Sunday Papers Roundup
The co-founder of iconic ice-cream maker Ben & Jerry’s has never been conventional. He famously formed the company with Ben Cohen in a dilapidated petrol station in Burlington, Vermont, in 1978 with the goal of creating a business where the economic, product and social mission were equal. He and Cohen later fell out with the management of the company over its 2000 sale to Unilever and took a separate office in the town...
Mike Shearwood, the Karen Millen boss, has stepped down from the board of Aurora Fashions, pushing the high street clothing group closer to a break-up and sale of its brands. Aurora owns some of Britain’s biggest high street fashion chains including Oasis, Coast and Warehouse. Karen Millen has already been split off from the group and Mr Shearwood’s exit from Aurora could allow him to launch a management buy-out of the women’s clothing brand
Wasabi, the Asian fast food chain that operates 37 outlets across central London, saw profits fall last year as it expanded across the capital and opened its first restaurant in New York. The Japanese-style chain said that pre-tax profits were £480,557 for the 16 months to December 31 2013, against a pre-tax profit of £2.84m in 2012, according to accounts recently filed at Companies House.
Three of Britain’s biggest retailers will unveil a slump in Christmas sales this week, laying bare the pressure on the grocery industry and the high street. Tesco, Sainsbury’s and Marks & Spencer are all expected to report sluggish festive figures, with the supermarkets suffering from falling food sales and M&S struggling to turn around its clothing business. The scale of the sales slump for supermarkets will be unprecedented in recent times, with Morrisons and Asda also likely to have suffered a fall in sales.
Britain’s biggest companies will be forced to reveal every three months how long they are taking to pay suppliers and whether they have changed their terms under a government plan to crack down on bullying in the supply chain. There is growing pressure to stop big businesses and retailers squeezing their supply chains after it emerged that Premier Foods, the owner of Mr Kipling cakes, demanded fees from suppliers to continue doing business with them. Payments from suppliers were also at the centre of Tesco’s £263m accounting scandal.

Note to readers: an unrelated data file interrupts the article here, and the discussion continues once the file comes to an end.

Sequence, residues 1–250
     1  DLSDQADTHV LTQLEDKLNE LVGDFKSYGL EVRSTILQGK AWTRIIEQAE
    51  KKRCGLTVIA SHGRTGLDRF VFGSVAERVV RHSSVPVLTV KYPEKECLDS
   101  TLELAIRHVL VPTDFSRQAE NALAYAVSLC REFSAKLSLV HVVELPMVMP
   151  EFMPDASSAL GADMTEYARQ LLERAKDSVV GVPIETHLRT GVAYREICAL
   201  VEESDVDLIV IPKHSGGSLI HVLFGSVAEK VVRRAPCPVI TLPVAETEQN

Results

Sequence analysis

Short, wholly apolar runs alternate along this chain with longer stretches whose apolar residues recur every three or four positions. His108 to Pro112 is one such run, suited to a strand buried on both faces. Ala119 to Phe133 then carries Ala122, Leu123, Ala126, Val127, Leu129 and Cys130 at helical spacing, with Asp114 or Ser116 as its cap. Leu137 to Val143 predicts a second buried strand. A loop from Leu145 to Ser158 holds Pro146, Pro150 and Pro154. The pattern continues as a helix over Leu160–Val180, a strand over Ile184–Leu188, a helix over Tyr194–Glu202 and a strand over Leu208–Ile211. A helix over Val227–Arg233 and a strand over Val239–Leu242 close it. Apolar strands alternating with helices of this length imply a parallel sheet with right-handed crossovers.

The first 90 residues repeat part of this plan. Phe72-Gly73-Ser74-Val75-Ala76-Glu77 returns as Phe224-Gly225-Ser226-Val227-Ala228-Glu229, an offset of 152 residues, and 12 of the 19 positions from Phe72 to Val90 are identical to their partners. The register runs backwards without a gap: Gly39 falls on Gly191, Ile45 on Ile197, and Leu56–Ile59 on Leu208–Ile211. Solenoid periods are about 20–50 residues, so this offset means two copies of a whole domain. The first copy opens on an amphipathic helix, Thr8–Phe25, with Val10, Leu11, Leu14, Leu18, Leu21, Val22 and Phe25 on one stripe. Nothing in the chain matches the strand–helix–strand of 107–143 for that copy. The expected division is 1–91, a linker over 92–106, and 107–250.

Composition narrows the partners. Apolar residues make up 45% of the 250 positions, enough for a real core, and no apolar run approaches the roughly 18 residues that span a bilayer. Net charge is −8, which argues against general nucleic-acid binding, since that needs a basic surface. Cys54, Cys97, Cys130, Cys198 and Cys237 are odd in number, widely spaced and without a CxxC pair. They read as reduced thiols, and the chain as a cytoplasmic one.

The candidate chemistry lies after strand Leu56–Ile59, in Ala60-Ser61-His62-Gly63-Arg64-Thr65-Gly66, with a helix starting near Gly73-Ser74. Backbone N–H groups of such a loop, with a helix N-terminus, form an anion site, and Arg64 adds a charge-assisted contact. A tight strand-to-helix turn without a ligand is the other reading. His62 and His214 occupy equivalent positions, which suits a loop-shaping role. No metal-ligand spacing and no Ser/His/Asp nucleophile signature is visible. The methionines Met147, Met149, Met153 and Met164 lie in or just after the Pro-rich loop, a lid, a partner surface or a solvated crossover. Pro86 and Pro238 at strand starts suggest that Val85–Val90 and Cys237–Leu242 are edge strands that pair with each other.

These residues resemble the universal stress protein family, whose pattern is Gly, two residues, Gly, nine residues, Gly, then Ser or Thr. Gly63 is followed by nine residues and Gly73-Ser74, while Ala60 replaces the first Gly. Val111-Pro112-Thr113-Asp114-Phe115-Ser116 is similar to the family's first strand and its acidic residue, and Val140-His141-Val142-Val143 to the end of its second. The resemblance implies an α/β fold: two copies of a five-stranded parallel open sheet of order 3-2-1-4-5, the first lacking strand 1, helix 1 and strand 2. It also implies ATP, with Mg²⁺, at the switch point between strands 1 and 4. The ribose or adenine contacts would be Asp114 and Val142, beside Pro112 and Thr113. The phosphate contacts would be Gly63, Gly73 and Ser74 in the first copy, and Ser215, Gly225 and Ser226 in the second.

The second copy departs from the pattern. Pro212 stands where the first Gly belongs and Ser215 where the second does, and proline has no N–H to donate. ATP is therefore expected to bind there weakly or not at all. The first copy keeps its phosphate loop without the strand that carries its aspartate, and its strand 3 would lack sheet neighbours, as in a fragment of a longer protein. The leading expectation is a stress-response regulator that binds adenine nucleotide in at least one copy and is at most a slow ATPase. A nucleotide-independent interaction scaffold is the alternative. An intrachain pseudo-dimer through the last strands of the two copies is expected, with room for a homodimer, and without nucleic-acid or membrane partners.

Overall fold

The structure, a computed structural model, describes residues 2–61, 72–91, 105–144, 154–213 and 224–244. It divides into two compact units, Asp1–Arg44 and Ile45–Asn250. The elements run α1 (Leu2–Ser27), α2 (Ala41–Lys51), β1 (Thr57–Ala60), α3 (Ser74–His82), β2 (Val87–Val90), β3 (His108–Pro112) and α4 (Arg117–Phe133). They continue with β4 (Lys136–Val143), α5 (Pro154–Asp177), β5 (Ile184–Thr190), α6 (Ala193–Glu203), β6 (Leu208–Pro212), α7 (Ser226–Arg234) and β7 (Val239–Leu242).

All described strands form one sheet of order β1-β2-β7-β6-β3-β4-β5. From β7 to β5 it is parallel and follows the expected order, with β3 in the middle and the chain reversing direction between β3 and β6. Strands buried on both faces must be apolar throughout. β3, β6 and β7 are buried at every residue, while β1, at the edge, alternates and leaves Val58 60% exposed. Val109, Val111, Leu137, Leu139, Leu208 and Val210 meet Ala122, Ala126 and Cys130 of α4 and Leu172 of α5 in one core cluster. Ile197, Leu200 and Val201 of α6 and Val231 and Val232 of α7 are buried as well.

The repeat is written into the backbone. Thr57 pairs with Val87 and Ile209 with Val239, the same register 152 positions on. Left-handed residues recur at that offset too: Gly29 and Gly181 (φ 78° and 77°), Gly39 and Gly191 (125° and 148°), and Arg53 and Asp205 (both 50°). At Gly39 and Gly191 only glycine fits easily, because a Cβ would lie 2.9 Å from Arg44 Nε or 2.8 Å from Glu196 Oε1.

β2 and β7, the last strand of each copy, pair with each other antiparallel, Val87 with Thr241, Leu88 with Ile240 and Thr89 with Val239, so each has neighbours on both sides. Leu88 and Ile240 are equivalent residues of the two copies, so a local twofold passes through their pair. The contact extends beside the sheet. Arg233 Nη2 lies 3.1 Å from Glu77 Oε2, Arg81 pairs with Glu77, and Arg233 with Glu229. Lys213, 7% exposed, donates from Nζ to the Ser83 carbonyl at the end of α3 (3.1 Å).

Dave Lewis, the new boss of Tesco, is this week expected to throw the grocery industry into fresh turmoil by radically changing the way the chain works with suppliers — and will give the strongest signal yet that it is set for its first UK trading loss in living memory. Senior sources said Lewis plans to scrap the complicated system of rebates and penalty fees used to extract money from suppliers. He will replace it with a simple scheme based on sales volume. “If Tesco sells more of the product, the supplier will cut the price,” one insider said.
Bosses at Tui Travel, Britain’s biggest holiday company, scooped pay packages worth a total of £29m last year. Peter Long, chief executive, was the biggest earner. His pay, benefits, share awards and other bonuses totalled £13.3m in the year to September, according to the company’s annual report, which was published on Friday. That compared with the £10.4m package that he earned in the previous year. The remuneration for the deputy chief executive Johan Lundgren also soared. He earned pay and share awards totalling £8.4m, up from £5.3m a year earlier. The finance director Will Waggott earned a total package worth £6m.
Poundland listed on the stock market for £750m in the sweet spot of last spring’s float frenzy, capitalising on the City’s sudden appetite for cut-price retailers. Unlike other companies that raised cash around the same time, it has performed well since, the shares rising 8.5% to 325.5p over nine months. Having delivered in-line interim results in November, and with a long-term strategy to double store numbers in Britain to 1,000, Jim McCarthy, chief executive of Dealz’s British parent, Poundland is now turning his attention overseas.
Mail on Sunday
Administrators for City Link are facing a battle with former customers to recover cash owed, raising doubts over whether investment firm Better Capital will get back the £20million it had been hoping to recover. Better Capital boss Jon Moulton said the only significant asset the company had was cash owed by customers. 'Administrators are starting to collect that money, but some customers will argue the toss over non-delivery,' Moulton said.
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